- with respect to the Company’s thermal bitumen production in the Integrated Corridor: the anticipated timing of first production from, and design capacity of, the Company’s Rush Lake 2 thermal bitumen development and its three additional Lloyd thermal bitumen projects at Dee Valley, Spruce Lake North and Spruce Lake Central; the expected timing of first steam and 2018 production expectations for the Tucker Thermal Project; and the expected timing of first production from the four remaining well pairs at the Sunrise Energy Project;
- with respect to the Company’s resource plays in the Integrated Corridor, drilling plans;
- with respect to the Company’s Downstream operations in the Integrated Corridor: the expected timing of closing of, and the anticipated benefits from, the acquisition of the Superior, Wisconsin refinery; and the expected timing of an investment decision to expand asphalt capacity at the Company’s Lloydminster refinery;
- with respect to the Company’s Offshore business in Asia Pacific: the anticipated timing of project sanctioning of, commencement of construction at and first production from Liuhua 29-1; the Company’s expected recovery of exploration costs within the first 18 months of production from Liuhua 29-1; gross daily sales targets of natural gas and associated liquids at the BD Gas Project; the expected timing of drilling of seven production wells at the combined MDA-MBH fields, and the expected timing of first gas therefrom; the expected timing of tie-in of a field at MDK; and anticipated combined daily sales volumes from the BD Gas Project and the MDA-MBH and MDK fields once production is fully ramped up; and
- with respect to the Company’s Offshore business in the Atlantic: the expected peak production from the development well at South White Rose when fully ramped up; the expected timing of first oil from a well at the main White Rose field; the expected timing of first production from a well at North Amethyst; the anticipated combined peak production from the two wells at White Rose and North Amethyst; a potential development at Northwest White Rose; the timing of preparations for construction and the timing of completion of the concrete gravity structure to support the topsides at the West White Rose Project; the expected timing and volume of gross peak production, and the expected net project cost to first oil, at the West White Rose Project.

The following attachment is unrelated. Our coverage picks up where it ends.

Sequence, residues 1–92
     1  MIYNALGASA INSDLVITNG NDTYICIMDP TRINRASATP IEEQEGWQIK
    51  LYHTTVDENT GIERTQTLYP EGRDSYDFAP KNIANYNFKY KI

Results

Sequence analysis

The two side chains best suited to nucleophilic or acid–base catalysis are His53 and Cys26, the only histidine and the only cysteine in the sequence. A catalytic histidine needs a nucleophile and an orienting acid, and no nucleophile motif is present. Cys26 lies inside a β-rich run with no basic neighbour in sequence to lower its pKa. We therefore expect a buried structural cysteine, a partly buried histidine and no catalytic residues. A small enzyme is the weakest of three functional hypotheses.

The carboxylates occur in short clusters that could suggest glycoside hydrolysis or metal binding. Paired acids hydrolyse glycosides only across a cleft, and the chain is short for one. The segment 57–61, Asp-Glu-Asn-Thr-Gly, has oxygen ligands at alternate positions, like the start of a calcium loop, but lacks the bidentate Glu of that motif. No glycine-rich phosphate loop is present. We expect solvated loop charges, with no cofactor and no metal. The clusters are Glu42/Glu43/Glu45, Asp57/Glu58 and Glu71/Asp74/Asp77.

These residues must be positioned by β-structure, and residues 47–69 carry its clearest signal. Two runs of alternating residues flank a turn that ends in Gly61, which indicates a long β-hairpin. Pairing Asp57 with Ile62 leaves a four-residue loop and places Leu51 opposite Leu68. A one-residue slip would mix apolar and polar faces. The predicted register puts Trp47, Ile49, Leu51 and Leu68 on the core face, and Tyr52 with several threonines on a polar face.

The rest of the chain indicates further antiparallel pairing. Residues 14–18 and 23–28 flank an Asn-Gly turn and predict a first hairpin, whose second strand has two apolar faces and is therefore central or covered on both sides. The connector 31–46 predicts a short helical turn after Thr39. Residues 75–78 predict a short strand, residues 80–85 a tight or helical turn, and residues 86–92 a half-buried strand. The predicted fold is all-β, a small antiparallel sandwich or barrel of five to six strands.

There are numerous uncertainties inherent in projecting future rates of production and the timing of development expenditures. The total amount or timing of actual future production may vary from production estimates.
Although the Company believes that the expectations reflected by the forward-looking statements presented in this news release are reasonable, the Company’s forward-looking statements have been based on assumptions and factors concerning future events, including the timing of regulatory approvals, that may prove to be inaccurate. Those assumptions and factors are based on information currently available to the Company about itself and the businesses in which it operates. Information used in developing forward-looking statements has been acquired from various sources, including third-party consultants, suppliers and regulators, among others.
Because actual results or outcomes could differ materially from those expressed in any forward-looking statements, investors should not place undue reliance on any such forward-looking statements. By their nature, forward-looking statements involve numerous assumptions, inherent risks and uncertainties, both general and specific, which contribute to the possibility that the predicted outcomes will not occur. Some of these risks, uncertainties and other factors are similar to those faced by other oil and gas companies and some are unique to the Company.
The Company’s Annual Information Form for the year ended December 31, 2016 and other documents filed with securities regulatory authorities (accessible through the SEDAR website www.sedar.com and the EDGAR website www.sec.gov) describe risks, material assumptions and other factors that could influence actual results and are incorporated herein by reference.